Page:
What’s old is new again. Activists are still preaching the same old taglines of unsubstantiated fear and impending doom, recycling old predictions that passed their deadline without coming to fruition, something I’ll explore further in the third part of this series.
Extinctionclock.org, kind of the opposite of the headline-grabbing Extinction Rebellion, has been tracking various apocalyptic climate-related predictions made over the past few decades to test whether they came true or not. Spoiler alert: they have not!
The seemingly 24/7 news cycle of looming environmental calamity is creating division, uncertainty, and despair, and it’s affecting young people quite significantly.
If you think I’m exaggerating, being hyperbolic, or even flippant, consider this story that I was recently told by a friend.
While on a drive to go hiking in the majestic Rocky Mountains, the topic of the environment came up with a carload of preteens. They expressed the importance of environmental protection (positive) because without it, they believed that the world was going to end soon and there would be great suffering (negative).
They talked that they’re going to die within the next decade, and they’re hopeless. Even giving up on pursuing dreams and passions that may leave a lasting legacy that benefits humanity through their educational pursuits.
Obviously, as a parent, this concerned my friend who probed for further information.
The kids revealed that much of their knowledge on the topic was obtained via the Apple newsfeed on their phones. This surprised me because I assumed that most young people were getting info from Tik Tok or YouTube. However, even the kids don’t consider Tik Tok to be a trusted news source, and the YouTube videos they watch don’t talk about climate change, only about planting trees.
The world’s most famous climate activist, Greta Thunberg, appears to have more influence over adults than she does over young children. One of the kids had never heard of her, and the others knew of her but didn’t know much about what she stands for.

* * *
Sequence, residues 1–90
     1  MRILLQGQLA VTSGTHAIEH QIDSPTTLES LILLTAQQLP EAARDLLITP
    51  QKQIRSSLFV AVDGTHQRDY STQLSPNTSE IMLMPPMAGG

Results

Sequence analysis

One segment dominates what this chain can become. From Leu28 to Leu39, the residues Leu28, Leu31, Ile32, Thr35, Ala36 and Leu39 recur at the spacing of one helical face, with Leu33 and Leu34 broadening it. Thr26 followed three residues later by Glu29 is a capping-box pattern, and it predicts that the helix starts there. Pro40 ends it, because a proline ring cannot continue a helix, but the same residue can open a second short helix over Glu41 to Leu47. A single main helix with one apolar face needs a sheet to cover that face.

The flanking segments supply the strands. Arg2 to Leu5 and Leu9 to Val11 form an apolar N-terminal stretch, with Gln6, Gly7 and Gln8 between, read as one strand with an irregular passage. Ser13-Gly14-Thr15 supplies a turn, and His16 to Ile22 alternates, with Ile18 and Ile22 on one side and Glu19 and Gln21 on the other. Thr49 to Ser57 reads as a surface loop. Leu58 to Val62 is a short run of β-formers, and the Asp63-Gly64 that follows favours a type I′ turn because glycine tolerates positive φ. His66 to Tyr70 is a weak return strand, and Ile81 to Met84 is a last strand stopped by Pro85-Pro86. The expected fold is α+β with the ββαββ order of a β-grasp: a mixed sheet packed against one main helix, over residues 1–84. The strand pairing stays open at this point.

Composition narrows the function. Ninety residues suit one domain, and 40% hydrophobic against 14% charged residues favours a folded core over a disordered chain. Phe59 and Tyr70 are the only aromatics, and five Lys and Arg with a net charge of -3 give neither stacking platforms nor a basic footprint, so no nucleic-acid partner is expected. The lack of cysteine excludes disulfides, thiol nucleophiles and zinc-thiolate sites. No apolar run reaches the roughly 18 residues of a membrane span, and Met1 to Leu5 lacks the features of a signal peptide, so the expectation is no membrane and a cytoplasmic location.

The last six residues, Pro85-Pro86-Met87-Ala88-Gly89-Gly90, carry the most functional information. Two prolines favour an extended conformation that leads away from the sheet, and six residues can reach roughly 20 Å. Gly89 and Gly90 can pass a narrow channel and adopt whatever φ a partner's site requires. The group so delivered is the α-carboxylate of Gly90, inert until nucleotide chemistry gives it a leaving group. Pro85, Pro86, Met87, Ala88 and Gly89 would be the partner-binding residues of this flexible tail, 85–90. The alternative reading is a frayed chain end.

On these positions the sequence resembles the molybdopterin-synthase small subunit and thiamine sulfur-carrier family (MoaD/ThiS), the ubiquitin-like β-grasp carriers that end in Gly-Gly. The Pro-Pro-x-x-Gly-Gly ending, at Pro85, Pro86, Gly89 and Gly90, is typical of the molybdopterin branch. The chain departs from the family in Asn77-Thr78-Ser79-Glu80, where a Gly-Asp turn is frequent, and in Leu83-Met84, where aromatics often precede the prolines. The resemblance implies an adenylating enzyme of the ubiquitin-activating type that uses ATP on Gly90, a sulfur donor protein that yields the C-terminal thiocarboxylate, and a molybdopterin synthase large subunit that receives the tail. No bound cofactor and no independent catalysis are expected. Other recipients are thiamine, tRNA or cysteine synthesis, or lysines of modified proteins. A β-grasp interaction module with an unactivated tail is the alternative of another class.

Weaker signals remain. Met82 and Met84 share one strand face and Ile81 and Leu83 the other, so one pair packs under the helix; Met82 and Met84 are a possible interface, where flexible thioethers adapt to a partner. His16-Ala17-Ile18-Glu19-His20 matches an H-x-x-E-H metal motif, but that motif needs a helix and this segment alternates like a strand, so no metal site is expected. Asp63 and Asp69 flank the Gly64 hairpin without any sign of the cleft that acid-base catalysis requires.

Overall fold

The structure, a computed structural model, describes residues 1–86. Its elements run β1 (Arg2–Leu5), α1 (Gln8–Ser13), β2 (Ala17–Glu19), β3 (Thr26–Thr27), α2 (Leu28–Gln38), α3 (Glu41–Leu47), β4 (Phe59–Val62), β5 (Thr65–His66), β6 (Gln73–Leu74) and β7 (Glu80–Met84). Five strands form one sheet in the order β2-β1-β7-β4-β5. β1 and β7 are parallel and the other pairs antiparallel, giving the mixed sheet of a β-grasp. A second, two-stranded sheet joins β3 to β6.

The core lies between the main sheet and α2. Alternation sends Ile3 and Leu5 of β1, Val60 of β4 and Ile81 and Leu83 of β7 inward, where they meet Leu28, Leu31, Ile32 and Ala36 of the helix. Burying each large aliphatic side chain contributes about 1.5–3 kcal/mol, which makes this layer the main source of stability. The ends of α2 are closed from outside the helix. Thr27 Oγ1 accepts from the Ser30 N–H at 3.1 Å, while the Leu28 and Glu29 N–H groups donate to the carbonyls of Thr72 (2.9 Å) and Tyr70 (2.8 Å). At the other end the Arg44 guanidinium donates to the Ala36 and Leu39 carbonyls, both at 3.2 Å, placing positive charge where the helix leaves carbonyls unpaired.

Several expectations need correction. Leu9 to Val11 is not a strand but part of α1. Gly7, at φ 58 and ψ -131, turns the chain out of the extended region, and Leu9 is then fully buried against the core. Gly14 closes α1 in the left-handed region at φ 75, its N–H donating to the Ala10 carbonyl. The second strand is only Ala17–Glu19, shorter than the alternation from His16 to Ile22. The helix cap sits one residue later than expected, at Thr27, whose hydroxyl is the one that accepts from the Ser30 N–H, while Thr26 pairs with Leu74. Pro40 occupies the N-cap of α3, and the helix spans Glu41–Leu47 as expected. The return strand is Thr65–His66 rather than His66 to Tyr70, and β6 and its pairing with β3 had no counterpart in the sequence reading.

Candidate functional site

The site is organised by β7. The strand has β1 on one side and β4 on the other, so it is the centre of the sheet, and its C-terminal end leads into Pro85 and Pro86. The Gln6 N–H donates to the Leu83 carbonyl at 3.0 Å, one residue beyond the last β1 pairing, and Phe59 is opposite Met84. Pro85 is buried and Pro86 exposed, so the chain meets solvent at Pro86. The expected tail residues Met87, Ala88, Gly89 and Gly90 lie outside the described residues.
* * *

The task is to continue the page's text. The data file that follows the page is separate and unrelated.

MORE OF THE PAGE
It’s important you talk to your kids to dispell the myths and misinformation online that may be causing them anxiety
I was pleased to hear that the kids’ teachers are not taking a position on oil and gas and the environment. It was said that they don’t say much at all because they know we need jobs but also to protect the natural environment.
The one child who doesn’t read the news was not at all worried about the environment.
So, what did they want done? What were their solutions? They believe the government should stop funding big oil immediately and should, instead, invest money into renewables.
Fortunately, as an energy worker and professional engineer, my friend was able to have a conversation and dispel some of the kids’ concerns. They were quite worried during the first conversation, but after a respectful dialogue that included facts to counter some of their unfounded concerns based on incorrect information, the kids revealed they were less concerned during a follow-up discussion. The first conversation even changed their minds from feeling imminent doom to thinking that the world is not ending for at least another twenty-plus years.
To all the parents and adults who spend time with kids, it’s important to pay attention to the content they are consuming. It’s also imperative that we talk to them and to explain the facts so that they are not unnecessarily alarmed and anxious. There are enough issues for young people to be concerned about. Please don’t stoke the flames of fear but, rather, understand their concerns and make sure they are based on accurate information. You can alleviate the angst through conversations with your kids, as my friend effectively did.
Paralyzing young people with fear will not motivate them to engineer solutions to our environmental challenges, and we need all hands on deck, to use a phrase beloved by the green movement.